Looking for information Japan

I am preparing a holiday to North-Japan (Hokkaido, North- and Central-Honshu) for this winter/spring. I have understand that Hokkaido is a good place to search for Siberian Flying Squirrel, but can’t find any reliable (specific) location to go look for it or any contact information of someone who might do. Near Abashiri seems to be such a spot of which I do find photo’s, but no specific location and still lots of ground to cover. Anyone here who no a location or contact who might?

Have anyone done the ferrytrip from Tomakomai to Niigata? Is that good for marine wildlife and if so, what species should I look out for?

Last but not least: is there any fieldguide for (East-)Asian mammals that covers Japan?

Any other suggestions welcome of course. I did found already some very usefull information here on Mammalwatching.com.



  • kittykat23uk

    Hi I have nothing re your specific questions but we saw some good mammals this year and you might be interested in my trip report: http://safaritalk.net/topic/18581-japan-in-winter-a-photographic-odyssey-feb-2018/?tab=comments#comment-251302

    All the best


    • corotauria

      Hi Jo,
      thanks for your quick reply. I am interested in your trip report indeed, but got a failure notice:
      ” Sorry, there is a problem
      You do not have permission to view this content. ”
      What am I doing wrong…? 0:-)

      Best whishes,

  • Jon Hall

    A Field Guide to the Mammals of Japan by Hishashi Abe is good. Its in both Japanese and English. I was given my copy but expect you can find it somewhere. Enjoy your trip – its a lovely lovely country with great wildlife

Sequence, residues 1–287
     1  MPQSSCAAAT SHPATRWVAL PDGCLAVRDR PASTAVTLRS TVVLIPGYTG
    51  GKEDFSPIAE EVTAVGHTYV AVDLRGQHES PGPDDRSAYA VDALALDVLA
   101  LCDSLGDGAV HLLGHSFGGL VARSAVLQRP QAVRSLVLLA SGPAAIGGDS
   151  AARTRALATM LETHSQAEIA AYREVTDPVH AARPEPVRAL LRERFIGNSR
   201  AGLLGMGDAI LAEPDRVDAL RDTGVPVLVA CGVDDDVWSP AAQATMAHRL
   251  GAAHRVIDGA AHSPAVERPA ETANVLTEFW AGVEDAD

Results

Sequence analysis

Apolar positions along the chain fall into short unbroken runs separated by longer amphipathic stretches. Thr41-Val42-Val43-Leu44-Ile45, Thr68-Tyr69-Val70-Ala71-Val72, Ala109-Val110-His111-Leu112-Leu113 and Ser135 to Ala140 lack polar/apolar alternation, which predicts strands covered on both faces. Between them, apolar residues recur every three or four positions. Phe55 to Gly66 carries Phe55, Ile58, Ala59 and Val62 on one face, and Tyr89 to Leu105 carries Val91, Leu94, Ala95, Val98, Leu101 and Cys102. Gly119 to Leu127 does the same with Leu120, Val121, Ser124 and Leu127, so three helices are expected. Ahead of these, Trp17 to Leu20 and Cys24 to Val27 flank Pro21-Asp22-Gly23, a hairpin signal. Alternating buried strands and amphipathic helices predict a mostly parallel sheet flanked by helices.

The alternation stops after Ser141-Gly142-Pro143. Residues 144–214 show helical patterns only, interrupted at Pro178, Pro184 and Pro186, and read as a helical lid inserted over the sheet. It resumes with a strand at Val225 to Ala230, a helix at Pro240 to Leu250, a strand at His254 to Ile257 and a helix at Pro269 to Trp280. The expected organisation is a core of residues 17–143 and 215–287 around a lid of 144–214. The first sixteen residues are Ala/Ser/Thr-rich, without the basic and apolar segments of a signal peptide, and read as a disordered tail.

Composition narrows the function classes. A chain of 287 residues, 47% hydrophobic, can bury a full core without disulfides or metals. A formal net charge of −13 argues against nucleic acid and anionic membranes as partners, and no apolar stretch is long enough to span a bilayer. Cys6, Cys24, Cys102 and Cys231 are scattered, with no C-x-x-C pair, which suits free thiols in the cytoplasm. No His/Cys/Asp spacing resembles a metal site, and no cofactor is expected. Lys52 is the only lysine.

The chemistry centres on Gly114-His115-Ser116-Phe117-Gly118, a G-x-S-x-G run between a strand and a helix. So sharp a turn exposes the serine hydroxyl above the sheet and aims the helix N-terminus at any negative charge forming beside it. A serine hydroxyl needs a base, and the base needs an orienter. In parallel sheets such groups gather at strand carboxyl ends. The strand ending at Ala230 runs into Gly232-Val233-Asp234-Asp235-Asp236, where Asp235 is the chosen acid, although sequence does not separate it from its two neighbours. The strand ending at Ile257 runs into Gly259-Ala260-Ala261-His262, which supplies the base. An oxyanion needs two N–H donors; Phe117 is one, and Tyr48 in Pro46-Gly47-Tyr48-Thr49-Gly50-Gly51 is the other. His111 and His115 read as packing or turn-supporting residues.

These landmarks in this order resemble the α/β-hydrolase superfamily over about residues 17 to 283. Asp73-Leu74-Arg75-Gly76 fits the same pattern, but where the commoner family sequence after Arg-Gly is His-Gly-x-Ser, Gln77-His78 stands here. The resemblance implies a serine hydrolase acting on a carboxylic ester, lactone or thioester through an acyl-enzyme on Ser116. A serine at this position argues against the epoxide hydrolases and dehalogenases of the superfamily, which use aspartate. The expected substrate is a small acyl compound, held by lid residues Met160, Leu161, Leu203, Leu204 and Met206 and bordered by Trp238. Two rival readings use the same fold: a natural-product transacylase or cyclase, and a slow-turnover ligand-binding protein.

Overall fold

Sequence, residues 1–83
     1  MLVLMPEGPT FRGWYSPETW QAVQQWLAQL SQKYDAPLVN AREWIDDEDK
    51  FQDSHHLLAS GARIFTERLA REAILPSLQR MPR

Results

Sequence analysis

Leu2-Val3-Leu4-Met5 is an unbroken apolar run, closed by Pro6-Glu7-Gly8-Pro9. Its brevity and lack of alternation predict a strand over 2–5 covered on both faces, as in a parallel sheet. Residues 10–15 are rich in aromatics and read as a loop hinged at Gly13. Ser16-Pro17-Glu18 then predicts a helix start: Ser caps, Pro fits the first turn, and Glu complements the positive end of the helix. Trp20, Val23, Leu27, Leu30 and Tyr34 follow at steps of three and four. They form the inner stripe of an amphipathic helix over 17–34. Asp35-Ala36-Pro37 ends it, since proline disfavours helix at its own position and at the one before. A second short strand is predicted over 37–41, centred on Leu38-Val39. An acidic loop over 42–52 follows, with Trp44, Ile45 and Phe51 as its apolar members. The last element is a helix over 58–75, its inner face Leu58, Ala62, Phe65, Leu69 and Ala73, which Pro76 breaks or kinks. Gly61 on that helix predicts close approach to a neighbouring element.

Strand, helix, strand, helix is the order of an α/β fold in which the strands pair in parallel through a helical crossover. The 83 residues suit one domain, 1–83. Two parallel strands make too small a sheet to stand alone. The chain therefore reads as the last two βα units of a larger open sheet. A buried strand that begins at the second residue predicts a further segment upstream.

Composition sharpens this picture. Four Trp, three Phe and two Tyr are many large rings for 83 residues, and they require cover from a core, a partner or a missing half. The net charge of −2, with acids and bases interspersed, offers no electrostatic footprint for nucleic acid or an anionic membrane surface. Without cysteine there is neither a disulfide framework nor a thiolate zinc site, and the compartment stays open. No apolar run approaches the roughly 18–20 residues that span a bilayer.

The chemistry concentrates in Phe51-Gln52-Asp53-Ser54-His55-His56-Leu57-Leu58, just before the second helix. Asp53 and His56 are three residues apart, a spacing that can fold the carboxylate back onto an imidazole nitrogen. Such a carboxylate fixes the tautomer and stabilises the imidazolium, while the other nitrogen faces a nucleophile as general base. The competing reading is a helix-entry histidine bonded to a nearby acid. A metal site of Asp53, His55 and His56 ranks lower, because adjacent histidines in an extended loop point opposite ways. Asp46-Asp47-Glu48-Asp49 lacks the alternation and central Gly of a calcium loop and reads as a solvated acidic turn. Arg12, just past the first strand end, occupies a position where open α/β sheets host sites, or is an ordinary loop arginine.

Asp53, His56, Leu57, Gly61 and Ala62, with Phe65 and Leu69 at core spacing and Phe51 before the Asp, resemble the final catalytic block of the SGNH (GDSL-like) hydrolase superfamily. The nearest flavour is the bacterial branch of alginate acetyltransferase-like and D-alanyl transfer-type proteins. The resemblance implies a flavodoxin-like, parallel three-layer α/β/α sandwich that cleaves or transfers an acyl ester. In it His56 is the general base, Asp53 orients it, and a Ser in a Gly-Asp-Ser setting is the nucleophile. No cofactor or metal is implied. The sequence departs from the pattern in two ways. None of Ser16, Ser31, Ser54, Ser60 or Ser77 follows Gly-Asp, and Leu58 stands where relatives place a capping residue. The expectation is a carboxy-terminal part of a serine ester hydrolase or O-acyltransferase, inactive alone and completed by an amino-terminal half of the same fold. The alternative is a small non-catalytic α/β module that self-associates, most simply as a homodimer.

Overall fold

• Conuropsis

    I don’t know if it’s the same book Jon mentioned but I have the Field Best Encyclopedia Series Mammals of Japan. This is a good field guide series but only the Latin names are in English which is all I need but others might not like that. It has good photos and maps and includes some small mammals as well as oceanic ones.

    Addendum: I just did a search for field guides on the net and Amazon and only found this book unless you want to pay lots of money for a reference book that you can’t take into the field. I got mine while in Tokyo at Maruzen in Reppongi Hills. They had a great selection of guides but I only bought about six since I didn’t want to bring loads of books home. Next time:-)

  • Vladimir Dinets

    I found one last winter but it took many hours of driving and walking around with a thermal imager. 43.115553N 142.398039E

    • corotauria

      Reading your tripreport/notes of Hokkaido I already thoughed that was more a hard-working encounter then that it would be stake-out location. 🙂

  • Vladimir Dinets

    Wild Mammals of Japan is available as PDF somewhere. It’s not a field guide but useful.

    I’m working on a book Finding Mammals in Japan, but it will take about a year to finish.

  • corotauria

    In these notes of Vladimir Dinets is see it could be worhtwile to visit a/some cave(s) in Japan.

    I have 2 days to spare (in early March) between Kaga and Kariuzawa, Honshu. I could travel to the caves mentioned in the notes of Vladimir, but that means that we have to drive an extra 400km and risking that the caves are closed (which applies apperently for Miyama-Gujo Cave at least?).
    On the internet I do find other caves further north in the same area, but don’t know if they are interesting for bats? For example Hida Great Limestone Cave near Takajama.
    Someone who does know? Are all these caves visitable on your own or do you have to join a guided tour?

    Alternative caves good for bats on the route between Niigata and Kaga or in the Kariuzawa area are also welcoming of course.

    • Vladimir Dinets

      The only way to know for sure is to ask a Japanese speaker to call the cave owners (if their phone is on the website).

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